Medical muse: Kids use creativity as powerful medicine

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AURORA | The crowd buzzed at Children’s Hospital Colorado on May 14 until 19-year-old Samika Williams took the stage and silenced it with a poignant poem about the value of friendship and the fragility of life.

The audience was mesmerized as she recited lines filled with emotion, dedicated to friends she’s made over the past four years at the hospital’s school for young patients.

“It was you who taught me how to put my frown upside down, and now forever I smile because it was you who taught me how,” she said into the microphone.

Williams spent months working on the piece with a local poet as part of the hospital’s Art for Life series, and she delivered the lengthy narrative flawlessly and passionately in front of more than 100 people at the final celebratory event in the hospital’s Mount Oxford room.

The performance was bittersweet for Williams, who has spent all her high school years at the hospital’s Medical Day Treatment Program — a school for young patients who are too sick to attend public school.

For Williams, graduating means leaving behind irreplaceable friends and mentors. She remembers being lackluster, angry and apathetic when she first arrived as a freshman.

“I didn’t really care about life, to be honest,” said Williams, who suffers from obesity and edema, a condition that causes swelling because of an abnormal accumulation of fluid under the skin.

Since then, the skills she gained from art therapy, mentors, poets and friends are immeasurable. But she’ll forever cherish one lesson above all.

“I learned how to be grateful for my life,” she said.

The celebration on May 14 marked the end of the Art for Life Program for the academic year. The program, now in its fourth year, is run by the Ponzio Creative Arts Therapy Center and matches up community artists with kids at the Medical Day Treatment Program.

Kids in the program range in age from about 8 to 20, and they have a host of illnesses and chronic diseases. Artwork and performances created by about 20 artist-patient teams were exhibited at the event, which was one of the most inspirational experiences for Katherine Reed, art therapist and program manager of the Ponzio Creative Art Therapy Program.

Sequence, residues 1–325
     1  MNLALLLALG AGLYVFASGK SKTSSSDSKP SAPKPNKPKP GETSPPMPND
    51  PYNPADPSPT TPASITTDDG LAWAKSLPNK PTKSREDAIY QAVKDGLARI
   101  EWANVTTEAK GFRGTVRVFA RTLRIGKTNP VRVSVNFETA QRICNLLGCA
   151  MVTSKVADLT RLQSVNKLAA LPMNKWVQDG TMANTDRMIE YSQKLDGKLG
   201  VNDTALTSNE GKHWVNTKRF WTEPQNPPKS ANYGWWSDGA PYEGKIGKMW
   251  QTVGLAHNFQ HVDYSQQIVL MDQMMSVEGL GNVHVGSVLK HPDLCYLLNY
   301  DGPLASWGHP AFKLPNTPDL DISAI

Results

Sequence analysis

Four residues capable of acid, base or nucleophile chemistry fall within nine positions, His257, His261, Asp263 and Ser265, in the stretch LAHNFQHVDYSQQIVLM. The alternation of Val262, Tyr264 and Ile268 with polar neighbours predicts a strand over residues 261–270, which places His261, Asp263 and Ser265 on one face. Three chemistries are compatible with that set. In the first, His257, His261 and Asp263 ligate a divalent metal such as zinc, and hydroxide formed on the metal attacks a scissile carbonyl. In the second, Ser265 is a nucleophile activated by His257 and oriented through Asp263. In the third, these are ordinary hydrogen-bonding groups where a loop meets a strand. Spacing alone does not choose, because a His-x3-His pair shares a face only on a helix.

“This is beyond anything I could have imagined,” she said. “I think the kids got to live their dream, as corny as that sounds.”

A boy named “Big Will” got to be a freestyle rapper for the evening; Yasmin, Donovon, Aide and Alysha had the chance to sing in front of an enthusiastic crowd; Kalynn did a dance routine with pom poms as if the event were a pep rally.

The artwork displayed in the hallway of the hospital featured paintings, photography, drawings and mixed media.

One of the paintings was made by a 9-year-old named Joseph Sampson, who was born without kidneys, and his mentor-artist Chris Tippin. The painting featured Bigfoot playing baseball in outer space with a few of Sampson’s other favorite legendary and historic characters: Godzilla, T-Rex, King Kong, a woolly mammoth.

Tippin, a Denver-based artist who specializes in acrylics and mixed media, came up with the idea for the Art for Life program and says the artists benefit as much as the children do.

“It’s awesome to be working with these kids and hear their imaginations come to life,” Tippin said last month. “Artists have their own style, but when they have to work with a child and teach them things they have to dig deep within themselves to (ask), ‘How do I make this? How does this come about?’”

Through the program, Tippin said artists have become more confident in their own abilities, from painting, drawing and sculpting to photography, music, dance, theater, poetry and quilting.

The Art for Life Program has proven to help young patients in many ways, and hospital officials will be publishing their evidentiary findings this summer.

According to a study conducted last year, Art for Life is shown to increase self esteem in patients, as well as hone music and art skills, and give kids positive role models in their lives, said Heather Kennedy, research coordinator for the hospital.

Williams is proof alone that art therapy changes lives. Her lukewarm feelings about life have been replaced with a desire to go to college, and a sense that she’s inspired others through her poetry.

Her transformation is hard to describe for Erin Anderson, a dance/movement therapist at the hospital who has worked with Williams since she was a freshman.

“Samika is able to breathe more deeply into her life,” she said. “I mean that literally, and I mean that in the deepest sense of the way she’s allowed herself to start taking in more of her life.”

The significance of the May 14 event wasn’t lost on Williams, who has also had the fortune of watching her peers metamorphose before her eyes.

“I think it’s amazing, because you know everybody here who performed and who did artwork has an illness,” she said, “but yet again, everybody has a talent.”

 

Reach reporter Sara Castellanos at 720-449-9036 or [email protected]

 

The Art for Life Exhibition featuring paintings, photography, drawings and mixed media by students at their artist-mentors is located in the Frederic C. Hamilton Family Gallery on the first floor of Children’s Hospital Colorado and continues through July 9.

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